Saturday, July 22, 2017

How Hackers Redirect Web Traffic with DNS Spoofing


What is DNS?

This question is actually fairly simple. DNS stands for Domain Name System. You know when you go to a website using a browser, you type in a URL instead of the IP address of the server? That’s DNS working it’s magic! What DNS does is it keeps track of what IP addresses reside at what URLs, that way we don’t have to remember the addresses, just the URLs! Pretty neat, huh? Like I said, DNS is fairly simple, so let’s move on to the next part, the anatomy of a DNS spoofing attack.

Anatomy of a DNS Spoofing Attack

Since this can be a bit difficult to talk about without a reference, we’re going to be dissecting this attack based on this diagram:

As we can see here, the attacker starts by pretending to be the DNS server. Then, when the victim requests the address for the desired site, the fake server responds with whatever address the attacker wants, which in this case, directs the victim to a fake site. This attack is very simple, but can often play a part in a larger attack. Now that we know the ins and outs of DNS spoofing, let’s perform it ourselves!

Performing a DNS Spoofing Attack

Setting up the Attack

Before we really get started, there are a couple of things that we need to prepare. Namely, we need to prepare the fake website, and set up the configuration file for the DNS spoofing tool.
Let’s start by setting up the website. First, we’ll whip up some basic HTML code so we actually have a site. We’ll be using gedit. The proper file can be opened with the following command:
Now that we have our file open, just go ahead and erase everything in it. I’ll be replacing it with the following:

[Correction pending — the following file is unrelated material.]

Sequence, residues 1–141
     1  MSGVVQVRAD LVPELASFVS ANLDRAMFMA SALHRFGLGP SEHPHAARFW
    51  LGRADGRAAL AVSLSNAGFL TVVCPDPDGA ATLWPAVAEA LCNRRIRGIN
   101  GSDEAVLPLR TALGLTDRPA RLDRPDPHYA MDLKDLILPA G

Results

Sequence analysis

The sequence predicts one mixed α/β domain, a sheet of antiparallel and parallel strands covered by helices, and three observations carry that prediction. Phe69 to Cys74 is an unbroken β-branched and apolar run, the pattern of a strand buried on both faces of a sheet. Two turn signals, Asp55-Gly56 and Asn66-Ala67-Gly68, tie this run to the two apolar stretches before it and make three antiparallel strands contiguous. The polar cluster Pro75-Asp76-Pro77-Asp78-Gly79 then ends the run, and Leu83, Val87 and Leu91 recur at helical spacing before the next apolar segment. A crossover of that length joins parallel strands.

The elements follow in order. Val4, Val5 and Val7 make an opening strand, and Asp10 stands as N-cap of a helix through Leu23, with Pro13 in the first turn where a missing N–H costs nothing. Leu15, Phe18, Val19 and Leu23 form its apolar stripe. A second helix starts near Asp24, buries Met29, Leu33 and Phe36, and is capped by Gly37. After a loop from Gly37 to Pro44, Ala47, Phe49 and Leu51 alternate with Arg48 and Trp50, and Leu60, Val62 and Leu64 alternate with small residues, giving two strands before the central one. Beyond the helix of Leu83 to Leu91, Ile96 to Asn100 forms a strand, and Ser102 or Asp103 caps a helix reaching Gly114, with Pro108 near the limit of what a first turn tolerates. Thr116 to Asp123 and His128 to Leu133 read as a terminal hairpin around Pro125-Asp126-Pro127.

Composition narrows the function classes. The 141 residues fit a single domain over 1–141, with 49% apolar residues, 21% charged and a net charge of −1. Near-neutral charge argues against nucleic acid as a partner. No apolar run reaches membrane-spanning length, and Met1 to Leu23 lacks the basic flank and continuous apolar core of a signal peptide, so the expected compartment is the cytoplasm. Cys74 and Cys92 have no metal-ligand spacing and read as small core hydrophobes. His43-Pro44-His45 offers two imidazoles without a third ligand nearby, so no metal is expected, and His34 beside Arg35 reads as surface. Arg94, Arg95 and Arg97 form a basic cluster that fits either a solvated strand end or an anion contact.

Feel free to replace the words with whatever you like, as long as you follow the HTML tags, everything should be fine.
Now that we have our website’s HTML code ready, we can go ahead and start the server that will serve the website. We’ll just be using the pre-installed Apache2 webserver, which can be started with the following command:
Now that we have the site up and running, we need to quickly edit the configuration file for the DNS spoofing tool. We’re just going to be modifying the /etc/hosts file and using it for our attack. We can open the file with the same command we used previously, but with the new file path. Once we have the file open, we can set up the file to tell the spoofing tool what sites we want to spoof. Before we do that, we need to know our local IP address, which we can find with the ifconfigcommand:
We can see that our local IP address is10.0.0.16. Now that we know it, we can edit the file. We’re just going to be adding this line:
We can see by the above output that the address of the gateway is For the sake of keeping this relatively short, we already have our victim’s address, which is Note that all these addresses are on the same network. This form of DNS spoofing only works if the victim is on your LAN. Now that we have the addresses, we can start the Man in the Middle attack (finally)! We’re going to be usingarpspoof for this attack, and we’ll be using the -i-t, and -r flags to specify the interface to attack on and the addresses to attack:
Once we execute this, the MitM will start.
DO NOT FORGET: You must enable IP forwarding, so the data from the victim doesn’t get hung up on the attacking system. This can be done with this command: echo 1 > /proc/sys/net/ipv4/ip_forward
Now that we have our MitM running, we should have all the victim’s traffic flowing through the attacker system. Since we can see all this traffic, we can start the DNS spoofing tool (dnsspoof) to listen for DNS requests and respond to them with our IP address! Let’s go ahead and start dnsspoof now. We use the -i flag for giving an interface, and the -f flag for giving the path to the hosts file. The command to start the attack should look something like this:
We can see that dnsspoof is now listening for UDP traffic on port 53 (port 53 is the DNS port, and UDP is the transport protocol DNS uses) from all address but our own! Now that our attack is up and running, let’s move over to our victim PC and try
There are multiple reasons for this article. For one, we’ll be needing these attacks very soon in order to steal passwords from an unsuspecting user. Secondly, it’s a proof of concept of sorts. It shows that these smaller attacks (MitM, DNS spoofing, etc.) aren’t just one trick ponies. We can combine these attacks to achieve even greater things. Many times, when performing an actual hack, you will need to combine many different kinds of attacks at once to achieve a goal, this just proves that. I’ll see you next time

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